Recession Is Closer Than You Think, And Here’s The Proof
If you were to ask some market optimists about the possibility the U.S. would officially enter a recession this year, one answer one answer is, “What recession?”
Another optimist writing for Forbes claimed that some economists forecasting a recession in the near future are “dead wrong.”
Still another optimist wrote a column asking, “Whatever happened to the big recession we’re supposed to have?”
Yet, despite their optimism (which, in all fairness, could be correct), a Northwest Mutual poll reveals most Americans firmly believe a recession is on the way this year:
Of course, polls just tell us what people like you and me, you know, not establishment economists are thinking. The question becomes whether the pessimism of the American majority is warranted.
Peter Coy took to the NY Times op-ed pages to confirm that, yes, a recession is very likely this year:
Okay, so this indicator worked once. We want a better track record than that!
A five-decade history of successfully identifying recessions? Now, that’s compelling evidence.
Compelling if your mind is open, at least…
Coy fairly points out in that the more optimistic economists claim indicators they disagree with, including the Leading Economic Index are “losing their significance” because the situation is “different this time.”
Apparently they forgot something.
Bloomberg’s July survey of economists, for example, believe there’s “a 60% chance the U.S. will fall into recession in the next 12 months.”
Recessionary concerns are bad enough – but that’s not all that’s on our minds these days. In fact, most people think that inflation will once again surge later this year:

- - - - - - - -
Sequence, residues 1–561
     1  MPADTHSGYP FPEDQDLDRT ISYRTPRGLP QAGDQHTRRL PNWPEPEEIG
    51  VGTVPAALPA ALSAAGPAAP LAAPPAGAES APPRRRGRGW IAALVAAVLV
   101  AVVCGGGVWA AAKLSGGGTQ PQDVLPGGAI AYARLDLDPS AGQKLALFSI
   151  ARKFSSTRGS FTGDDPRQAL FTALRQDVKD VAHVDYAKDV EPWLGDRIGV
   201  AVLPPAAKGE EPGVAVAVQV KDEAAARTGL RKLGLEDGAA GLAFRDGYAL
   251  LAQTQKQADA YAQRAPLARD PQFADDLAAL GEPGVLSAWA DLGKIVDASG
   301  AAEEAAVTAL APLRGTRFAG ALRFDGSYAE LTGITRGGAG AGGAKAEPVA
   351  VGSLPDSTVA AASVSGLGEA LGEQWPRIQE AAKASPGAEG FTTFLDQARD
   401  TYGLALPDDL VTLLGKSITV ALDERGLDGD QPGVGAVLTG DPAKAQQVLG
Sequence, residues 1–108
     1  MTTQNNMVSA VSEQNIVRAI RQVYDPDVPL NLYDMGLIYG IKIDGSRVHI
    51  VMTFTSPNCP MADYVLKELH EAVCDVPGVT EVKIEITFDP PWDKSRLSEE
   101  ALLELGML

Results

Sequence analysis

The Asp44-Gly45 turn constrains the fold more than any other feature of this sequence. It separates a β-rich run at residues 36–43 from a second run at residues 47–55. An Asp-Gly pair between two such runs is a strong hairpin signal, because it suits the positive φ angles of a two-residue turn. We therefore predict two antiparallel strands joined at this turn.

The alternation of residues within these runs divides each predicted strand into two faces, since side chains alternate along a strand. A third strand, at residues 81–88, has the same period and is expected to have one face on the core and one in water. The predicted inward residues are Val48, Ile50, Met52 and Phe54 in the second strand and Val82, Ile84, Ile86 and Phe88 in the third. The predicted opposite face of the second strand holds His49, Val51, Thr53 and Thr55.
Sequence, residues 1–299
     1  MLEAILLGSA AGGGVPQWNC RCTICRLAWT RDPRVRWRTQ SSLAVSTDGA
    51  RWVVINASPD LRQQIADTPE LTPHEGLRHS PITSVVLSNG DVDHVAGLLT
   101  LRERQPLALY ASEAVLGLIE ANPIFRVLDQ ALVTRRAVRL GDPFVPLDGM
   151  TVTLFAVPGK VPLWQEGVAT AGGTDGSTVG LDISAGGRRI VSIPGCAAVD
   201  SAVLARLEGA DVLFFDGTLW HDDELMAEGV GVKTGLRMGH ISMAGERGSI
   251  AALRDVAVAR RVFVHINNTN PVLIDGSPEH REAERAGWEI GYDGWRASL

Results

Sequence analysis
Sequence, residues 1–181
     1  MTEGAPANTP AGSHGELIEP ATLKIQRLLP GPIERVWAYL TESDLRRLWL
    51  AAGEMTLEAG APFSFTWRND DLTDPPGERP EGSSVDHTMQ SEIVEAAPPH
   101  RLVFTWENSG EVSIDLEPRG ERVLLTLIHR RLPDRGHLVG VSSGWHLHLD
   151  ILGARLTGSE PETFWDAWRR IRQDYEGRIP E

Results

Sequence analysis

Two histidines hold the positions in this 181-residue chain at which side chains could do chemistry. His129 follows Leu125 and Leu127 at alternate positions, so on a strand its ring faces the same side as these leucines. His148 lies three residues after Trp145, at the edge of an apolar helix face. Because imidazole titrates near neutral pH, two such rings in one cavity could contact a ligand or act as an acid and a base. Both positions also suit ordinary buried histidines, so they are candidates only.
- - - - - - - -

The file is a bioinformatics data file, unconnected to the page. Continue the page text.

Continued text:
Are the optimists too hopeful, or are pessimists too worried?
It’s hard to say! Anyone with a long-term view should be considering the entire economic cycle, the good and the bad.
So how do we do that?
The good and bad news about the economic cycle
The good news about recessions is they’re cyclical – just a normal and expected part of the economic cycle. Obviously, that means the bad news about recessions is they’re cyclical. Unavoidable facts of life.
Predicting recessions is easy! There’s always going to be a recession in the future. Pinpointing a recession is a challenge that economists have wrestled with for decades.
(Inflation is another story – greatly complicated by politics, but essentially it boils down to money supply. That’s not something we can easily anticipate.)
David Phelps provided a few handy suggestions to consider for getting through uncertain times like these:
Physical precious metals like gold and silver are generally countercyclical (benefiting from economic contractions), safe haven assets. Furthermore, physical precious metals are desirable as inflation-resistant investments.
So right now, it might be a good idea to take a few minutes to help yourself by learning more about ownership of physical precious metals. You can get all the information you need about both gold and silver for free to make an informed decision right here.
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